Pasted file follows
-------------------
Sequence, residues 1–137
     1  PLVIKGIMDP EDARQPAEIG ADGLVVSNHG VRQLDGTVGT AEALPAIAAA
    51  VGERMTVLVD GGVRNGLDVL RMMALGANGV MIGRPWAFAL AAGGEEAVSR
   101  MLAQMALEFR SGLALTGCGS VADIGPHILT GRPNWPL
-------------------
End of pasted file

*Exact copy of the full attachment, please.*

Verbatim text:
Sequence, residues 1–137
     1  PLVIKGIMDP EDARQPAEIG ADGLVVSNHG VRQLDGTVGT AEALPAIAAA
    51  VGERMTVLVD GGVRNGLDVL RMMALGANGV MIGRPWAFAL AAGGEEAVSR
   101  MLAQMALEFR SGLALTGCGS VADIGPHILT GRPNWPL